Its slightly smaller sister island, Barbuda, lies approximately 30 miles to its north and covers an area of around 68 square miles. The third island included in the nation of Antigua, the tiny Redonda, is only 0.6 square miles in size and is now a nature reserve. The capital of Antigua is St John's and its skyline is dominated by the magnificent baroque towers of the city's cathedral. The cathedral was destroyed twice by earthquakes, first in 1683 and then again in 1745. Its present structure dates back to 1845. St John's has a new dock for cruise ships and is the island's hub for dining and shopping. It also contains various attractions, including the Museum of Antigua and Barbuda. Located in the central area of St John's, this museum contains some fascinating exhibits telling the story of the islands from their geological birth until today. Exhibits include, for example, a life-size replica of an Arawak dwelling (the Arawaks were among the indigenous people populating the West Indies) and the cricket bat of Viv Richards, regarded as one of the greatest cricket players of all time.
Historic sites and attractions
The evocative, graceful historic district of Antigua, the English Harbour, is also well worth a visit during an Antigua holiday. Focused mainly on Nelson's Dockyard National Park, which was originally used as a naval base during the turbulent period of the late 18th Century, this district contains the world's only remaining Georgian dockyard, as well as some outstanding buildings, including Clarence House. Above the harbour is Shirley Heights, which can be reached via the Look-out Trail, a scenic forest walk, and offers spectacular views as far as Montserrat and Guadeloupe, as well as featuring an array of military buildings, gun emplacements and the Dow's Hill Interpretation Centre. This centre enables visitors to see a most impressive media presentation centring on the history of Antigua and features observation decks with excellent views over the harbour. Barbecues, reggae and steel band music and rum punch are typically available here on Sunday afternoons.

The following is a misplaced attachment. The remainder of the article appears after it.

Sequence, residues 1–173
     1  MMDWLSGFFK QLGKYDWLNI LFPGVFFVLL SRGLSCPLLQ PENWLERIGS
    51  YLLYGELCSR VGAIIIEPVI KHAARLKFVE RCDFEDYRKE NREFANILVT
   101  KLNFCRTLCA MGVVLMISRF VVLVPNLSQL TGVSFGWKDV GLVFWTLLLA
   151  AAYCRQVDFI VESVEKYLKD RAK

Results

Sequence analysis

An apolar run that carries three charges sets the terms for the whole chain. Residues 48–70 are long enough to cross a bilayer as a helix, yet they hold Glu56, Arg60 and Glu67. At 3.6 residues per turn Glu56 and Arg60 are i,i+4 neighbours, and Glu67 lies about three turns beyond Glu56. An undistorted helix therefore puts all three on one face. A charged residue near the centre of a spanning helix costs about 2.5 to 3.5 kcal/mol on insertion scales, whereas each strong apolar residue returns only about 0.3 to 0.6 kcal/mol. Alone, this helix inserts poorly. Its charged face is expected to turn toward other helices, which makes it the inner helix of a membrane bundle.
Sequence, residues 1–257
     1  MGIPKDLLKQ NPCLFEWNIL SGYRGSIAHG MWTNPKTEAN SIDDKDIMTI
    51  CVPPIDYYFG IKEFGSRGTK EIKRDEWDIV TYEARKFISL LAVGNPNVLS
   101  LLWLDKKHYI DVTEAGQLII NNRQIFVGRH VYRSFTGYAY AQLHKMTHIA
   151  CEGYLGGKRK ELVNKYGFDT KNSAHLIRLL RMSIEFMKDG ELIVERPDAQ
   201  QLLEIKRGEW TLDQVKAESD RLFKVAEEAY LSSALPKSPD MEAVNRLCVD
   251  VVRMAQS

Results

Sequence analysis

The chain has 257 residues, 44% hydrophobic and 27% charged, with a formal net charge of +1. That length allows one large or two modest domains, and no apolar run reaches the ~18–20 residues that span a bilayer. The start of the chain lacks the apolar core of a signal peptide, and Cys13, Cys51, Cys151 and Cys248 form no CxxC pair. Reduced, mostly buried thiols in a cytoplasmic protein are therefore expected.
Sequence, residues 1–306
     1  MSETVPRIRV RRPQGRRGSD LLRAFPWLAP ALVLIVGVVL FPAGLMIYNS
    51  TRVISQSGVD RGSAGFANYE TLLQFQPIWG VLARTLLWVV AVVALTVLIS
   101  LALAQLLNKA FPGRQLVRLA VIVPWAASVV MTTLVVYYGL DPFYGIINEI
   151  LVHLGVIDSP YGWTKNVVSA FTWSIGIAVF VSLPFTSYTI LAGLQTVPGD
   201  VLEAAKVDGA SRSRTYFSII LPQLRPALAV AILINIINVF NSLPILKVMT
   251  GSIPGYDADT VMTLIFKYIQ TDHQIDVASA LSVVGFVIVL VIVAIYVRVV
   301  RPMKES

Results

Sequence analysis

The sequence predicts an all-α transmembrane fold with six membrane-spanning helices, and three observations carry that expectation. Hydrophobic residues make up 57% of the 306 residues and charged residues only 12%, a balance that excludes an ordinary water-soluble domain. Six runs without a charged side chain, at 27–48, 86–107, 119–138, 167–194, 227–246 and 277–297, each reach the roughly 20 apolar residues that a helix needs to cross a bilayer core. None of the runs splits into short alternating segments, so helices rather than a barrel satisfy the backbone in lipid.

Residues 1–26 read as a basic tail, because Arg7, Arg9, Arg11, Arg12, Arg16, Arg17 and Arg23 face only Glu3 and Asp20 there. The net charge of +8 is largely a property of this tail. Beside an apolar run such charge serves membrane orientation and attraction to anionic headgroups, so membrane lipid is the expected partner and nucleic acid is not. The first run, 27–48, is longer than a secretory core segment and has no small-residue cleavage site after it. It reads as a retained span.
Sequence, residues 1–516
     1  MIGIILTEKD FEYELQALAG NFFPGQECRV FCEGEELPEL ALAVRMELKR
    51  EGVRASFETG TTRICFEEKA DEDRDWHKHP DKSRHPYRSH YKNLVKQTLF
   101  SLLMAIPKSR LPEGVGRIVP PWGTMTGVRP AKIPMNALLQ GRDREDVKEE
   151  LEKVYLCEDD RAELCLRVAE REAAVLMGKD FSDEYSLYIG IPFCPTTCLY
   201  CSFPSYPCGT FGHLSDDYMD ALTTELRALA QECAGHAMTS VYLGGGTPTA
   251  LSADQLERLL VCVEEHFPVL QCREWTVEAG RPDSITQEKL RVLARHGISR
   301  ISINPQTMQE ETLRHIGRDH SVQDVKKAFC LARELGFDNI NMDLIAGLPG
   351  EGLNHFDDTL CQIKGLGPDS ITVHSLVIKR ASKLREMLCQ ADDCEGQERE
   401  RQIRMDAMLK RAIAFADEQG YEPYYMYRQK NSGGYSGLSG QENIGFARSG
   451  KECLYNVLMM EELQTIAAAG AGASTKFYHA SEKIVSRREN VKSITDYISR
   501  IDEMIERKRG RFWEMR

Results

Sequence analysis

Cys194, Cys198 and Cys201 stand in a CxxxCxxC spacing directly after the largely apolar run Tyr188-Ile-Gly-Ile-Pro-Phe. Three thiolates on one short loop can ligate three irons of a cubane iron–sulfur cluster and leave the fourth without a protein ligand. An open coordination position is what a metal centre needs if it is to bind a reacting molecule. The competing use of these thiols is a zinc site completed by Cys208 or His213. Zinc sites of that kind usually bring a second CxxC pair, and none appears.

The cemetery close to Shirley Heights features an obelisk dedicated to 54th regiment soldiers. At the far side of the bay, the ruins of Fort Berkely draw many Antigua visitors and also make an excellent view point over the harbour, which is of particular advantage during the Antigua Sailing Week. Another attraction worth taking in during an Antigua holiday is the Sea View Farm Village, where Antiguan folk pottery is fashioned and sold. In Brown's Bay, located at Nonsuch Bay, which forms the centre of the arts community of Antigua, the Harmony Hall Art Gallery exhibits continually changing local art and is the host of the Craft Fair and the Antigua Artist's Exhibition each November. The nearby Sugar Mill Tower has been converted into a bar, and offers patrons some of the best panoramic views to be found on Antigua, including some stunning views over Nonsuch Bay.
Antigua has an array of beautiful beaches. In total, there are 365 beaches, most of which are located on the calm Caribbean side of Antigua. Some of the most popular beaches include Dickenson Bay, Runaway Bay, Fort James, Deep Bay, Galley Bay and Hawksbill, a combination of four crescent shaped beaches, in the north-west; Darkwood Beach, Fryes Bay, Doigs Beach, Rendezvous Bay, Pigeon Point and several beaches on Johnson's point in the south and south-west, as well as Half Moon Bay, now a national park, and Long Bay in the east.
You can enjoy hiking among the island's stunning natural surroundings, jogging, bird watching, Eco tours, golfing, hunting and bike, jeep and helicopter tours, zip line tours, boating, fishing, kayaking, swimming with stingrays, snorkelling, scuba diving, surfing, sailing, safaris and seafaris, tropical adventure tours and more. In short, an Antigua holiday will have something suitable for anyone, from adventure seeking singles to families looking for some fun or simple relaxation.
Antigua is one of the sunniest among the Eastern Caribbean Islands, with annual rainfall being as low as 45 inches. The nearly constant north-east trade winds only flag a little in September, but keep temperatures at a comfortable range in the mid-seventies during the winter months and the mid-eighties during summer. Humidity is low throughout the year, so whenever tourists arrive, they will find pleasant conditions with plenty of sunshine.